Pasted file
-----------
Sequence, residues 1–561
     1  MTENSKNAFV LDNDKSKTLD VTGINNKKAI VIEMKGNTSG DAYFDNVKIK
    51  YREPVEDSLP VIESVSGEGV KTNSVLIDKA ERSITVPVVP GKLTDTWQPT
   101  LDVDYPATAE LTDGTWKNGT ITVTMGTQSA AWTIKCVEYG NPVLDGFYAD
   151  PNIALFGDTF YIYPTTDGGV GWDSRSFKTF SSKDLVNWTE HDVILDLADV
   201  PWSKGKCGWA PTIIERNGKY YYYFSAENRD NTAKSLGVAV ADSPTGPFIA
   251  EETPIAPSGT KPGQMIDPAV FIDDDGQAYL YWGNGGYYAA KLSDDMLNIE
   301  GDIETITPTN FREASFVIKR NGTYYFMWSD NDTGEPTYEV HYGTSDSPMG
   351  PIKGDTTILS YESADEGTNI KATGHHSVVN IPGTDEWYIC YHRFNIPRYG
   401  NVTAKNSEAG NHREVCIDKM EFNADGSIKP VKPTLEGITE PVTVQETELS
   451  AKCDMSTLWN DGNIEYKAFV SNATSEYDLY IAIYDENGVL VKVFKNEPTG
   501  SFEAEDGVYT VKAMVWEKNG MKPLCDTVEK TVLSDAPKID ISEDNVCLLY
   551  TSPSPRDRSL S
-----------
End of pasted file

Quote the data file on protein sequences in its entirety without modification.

Sequence, residues 1–561
     1  MTENSKNAFV LDNDKSKTLD VTGINNKKAI VIEMKGNTSG DAYFDNVKIK
    51  YREPVEDSLP VIESVSGEGV KTNSVLIDKA ERSITVPVVP GKLTDTWQPT
   101  LDVDYPATAE LTDGTWKNGT ITVTMGTQSA AWTIKCVEYG NPVLDGFYAD
   151  PNIALFGDTF YIYPTTDGGV GWDSRSFKTF SSKDLVNWTE HDVILDLADV
   201  PWSKGKCGWA PTIIERNGKY YYYFSAENRD NTAKSLGVAV ADSPTGPFIA
   251  EETPIAPSGT KPGQMIDPAV FIDDDGQAYL YWGNGGYYAA KLSDDMLNIE
   301  GDIETITPTN FREASFVIKR NGTYYFMWSD NDTGEPTYEV HYGTSDSPMG
   351  PIKGDTTILS YESADEGTNI KATGHHSVVN IPGTDEWYIC YHRFNIPRYG
   401  NVTAKNSEAG NHREVCIDKM EFNADGSIKP VKPTLEGITE PVTVQETELS
   451  AKCDMSTLWN DGNIEYKAFV SNATSEYDLY IAIYDENGVL VKVFKNEPTG
   501  SFEAEDGVYT VKAMVWEKNG MKPLCDTVEK TVLSDAPKID ISEDNVCLLY
   551  TSPSPRDRSL S